By Corey Johns.
Baltimore County is seeing an increase in the populations of both the elderly and adults with autism. Both groups would fall into the category of vulnerable adults, but under state law, there are no protections against emotional abuse for vulnerable adults like there are for juveniles.
District 42B delegate Michele Guyton introduced a bill to the House in the last session to add emotional and psychological abuse protections for vulnerable adults. While it did not pass last year, she has re-introduced it this year, and it deserves much more attention and support. Showing her dedication to supporting the bill, Guyton took the rare Annapolis action of pre-filing it so it was introduced the very first day of session, January 8. It is labeled HB 0033.
While the elderly and autistic populations in Baltimore County are increasing, this bill would increase protections against abuse for any adult with disabilities who needs a caregiver.
Personal care is naturally tense and can lead to moments of frustration for both the caretaker and the person in need of care, but consistent, constant, and intentional maltreatment of the person who has no choice but to get help can take a severe psychological toll.
Current state law already protects vulnerable adults from physical, sexual, and financial abuses but not severely emotional or psychological abuse. These protections are there for juveniles, however.
Emotional and psychological abuse includes but is not limited to:
- intentionally embarrassing a person by spreading rumors that they had an accident after being unable to get to the bathroom on time
- consistently and aggressively telling a person receiving care to hurry up when trying to get ready despite physical limitations slowing them down
- convincing a person of lies to isolate them from others in order to take advantage of them
All three of these were actual, real-life examples submitted last session that led to Delegate Guyton to craft her bill.
Another example involved a person showing signs of Alzheimers and dementia. A family member convinced this person that the rest of their family was just out to get all of their money. By creating this false narrative for this individual with a compromised mental state, a trust was eventually legally changed to take out all other family members and left everything to the abuser. Legally, it was not financial abuse, because all paperwork and transfers were done through the legal process. However, isolating this vulnerable adult from the rest of their family, leaving them feeling like nobody else cared for them, and leading them to do things they certainly would not normally do is psychological abuse.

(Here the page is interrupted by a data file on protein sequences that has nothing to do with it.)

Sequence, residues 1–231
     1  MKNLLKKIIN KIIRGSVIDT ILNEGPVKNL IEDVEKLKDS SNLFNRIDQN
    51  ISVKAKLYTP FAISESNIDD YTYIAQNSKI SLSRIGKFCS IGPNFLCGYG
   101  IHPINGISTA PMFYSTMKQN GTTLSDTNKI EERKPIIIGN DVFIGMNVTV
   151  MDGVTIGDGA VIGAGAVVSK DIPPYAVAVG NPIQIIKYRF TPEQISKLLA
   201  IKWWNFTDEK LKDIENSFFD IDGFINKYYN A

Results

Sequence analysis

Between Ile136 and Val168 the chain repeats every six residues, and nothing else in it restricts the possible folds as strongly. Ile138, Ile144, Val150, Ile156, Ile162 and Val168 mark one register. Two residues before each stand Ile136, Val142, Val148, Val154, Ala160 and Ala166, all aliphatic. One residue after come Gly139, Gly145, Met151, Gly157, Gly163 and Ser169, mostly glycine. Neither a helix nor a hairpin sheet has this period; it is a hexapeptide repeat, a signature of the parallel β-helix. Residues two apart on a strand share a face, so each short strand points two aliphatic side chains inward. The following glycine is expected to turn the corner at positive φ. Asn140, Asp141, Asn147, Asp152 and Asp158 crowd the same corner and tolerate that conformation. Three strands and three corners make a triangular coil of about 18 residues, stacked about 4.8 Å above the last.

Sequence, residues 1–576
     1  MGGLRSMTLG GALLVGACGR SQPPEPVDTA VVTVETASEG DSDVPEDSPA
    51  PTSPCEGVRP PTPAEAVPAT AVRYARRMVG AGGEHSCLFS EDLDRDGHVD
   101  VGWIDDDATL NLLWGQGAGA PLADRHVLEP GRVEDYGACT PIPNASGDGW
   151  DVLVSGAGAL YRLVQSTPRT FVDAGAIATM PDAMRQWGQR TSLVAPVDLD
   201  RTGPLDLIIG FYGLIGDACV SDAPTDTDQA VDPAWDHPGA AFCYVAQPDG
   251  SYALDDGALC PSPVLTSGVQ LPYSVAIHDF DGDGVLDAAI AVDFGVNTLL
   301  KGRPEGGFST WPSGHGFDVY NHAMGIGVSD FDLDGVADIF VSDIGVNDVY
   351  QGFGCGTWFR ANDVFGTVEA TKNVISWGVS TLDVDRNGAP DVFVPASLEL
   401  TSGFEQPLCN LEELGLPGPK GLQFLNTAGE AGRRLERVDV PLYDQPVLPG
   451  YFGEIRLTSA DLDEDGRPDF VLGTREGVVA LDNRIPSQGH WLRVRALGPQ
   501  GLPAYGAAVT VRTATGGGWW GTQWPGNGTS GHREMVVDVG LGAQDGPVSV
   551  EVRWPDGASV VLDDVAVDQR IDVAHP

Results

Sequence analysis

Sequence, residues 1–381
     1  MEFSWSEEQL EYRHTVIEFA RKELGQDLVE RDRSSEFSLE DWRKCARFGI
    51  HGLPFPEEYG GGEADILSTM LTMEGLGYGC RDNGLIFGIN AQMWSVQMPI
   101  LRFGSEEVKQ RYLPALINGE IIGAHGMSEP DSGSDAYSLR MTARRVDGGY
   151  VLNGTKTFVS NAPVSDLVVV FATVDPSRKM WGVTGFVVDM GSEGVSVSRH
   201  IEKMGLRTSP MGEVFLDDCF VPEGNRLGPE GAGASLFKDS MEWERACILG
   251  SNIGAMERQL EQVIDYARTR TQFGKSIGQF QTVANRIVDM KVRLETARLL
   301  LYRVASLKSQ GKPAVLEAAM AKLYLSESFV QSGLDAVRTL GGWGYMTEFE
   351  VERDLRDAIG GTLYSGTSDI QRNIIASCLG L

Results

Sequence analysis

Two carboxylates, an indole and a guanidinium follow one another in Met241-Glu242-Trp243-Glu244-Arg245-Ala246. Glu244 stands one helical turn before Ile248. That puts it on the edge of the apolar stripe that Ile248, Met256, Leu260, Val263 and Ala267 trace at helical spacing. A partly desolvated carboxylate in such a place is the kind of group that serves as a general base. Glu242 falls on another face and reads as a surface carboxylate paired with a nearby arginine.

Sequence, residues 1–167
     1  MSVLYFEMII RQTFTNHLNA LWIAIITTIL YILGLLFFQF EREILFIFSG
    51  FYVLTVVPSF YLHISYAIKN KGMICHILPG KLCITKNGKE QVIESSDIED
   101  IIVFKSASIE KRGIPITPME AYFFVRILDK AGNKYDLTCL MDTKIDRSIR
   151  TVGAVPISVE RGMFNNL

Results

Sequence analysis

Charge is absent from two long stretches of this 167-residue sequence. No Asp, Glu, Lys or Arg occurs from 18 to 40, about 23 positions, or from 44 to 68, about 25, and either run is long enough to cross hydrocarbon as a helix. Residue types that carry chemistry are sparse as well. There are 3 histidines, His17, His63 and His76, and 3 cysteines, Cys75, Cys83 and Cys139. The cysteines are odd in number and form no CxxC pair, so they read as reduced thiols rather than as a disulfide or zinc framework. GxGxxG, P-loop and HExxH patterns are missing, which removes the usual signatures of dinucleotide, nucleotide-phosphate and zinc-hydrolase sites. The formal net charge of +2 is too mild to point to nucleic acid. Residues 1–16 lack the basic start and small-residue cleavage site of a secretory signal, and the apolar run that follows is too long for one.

Recently in North Carolina, staff of an assisted-living and memory-care facility for people with dementia intentionally fed troubling misinformation to residents with the intention to get them to fight one another. The fights were filmed, posted on social media, and the staff was egging them on in the video.
These types of psychological abuse can leave a person feeling alone, like a burden, and worthless. Psychological abuse and emotional bullying can lead to more psychological issues that would require more care. It could even lead to a person’s death if they decide to starve themselves, not take their medicine, or kill themselves to no longer be in that situation of despair every day.
According to the National Center on Elder Abuse, roughly 5 million vulnerable adults are victims of abuse and 95-percent of them experience some sort of emotional or psychological abuse. Psychological abuse protections for vulnerable adults are already in place in several states, including Alabama, Hawaii, South Dakota, South Carolina, and Utah. Maryland should be the next on that list.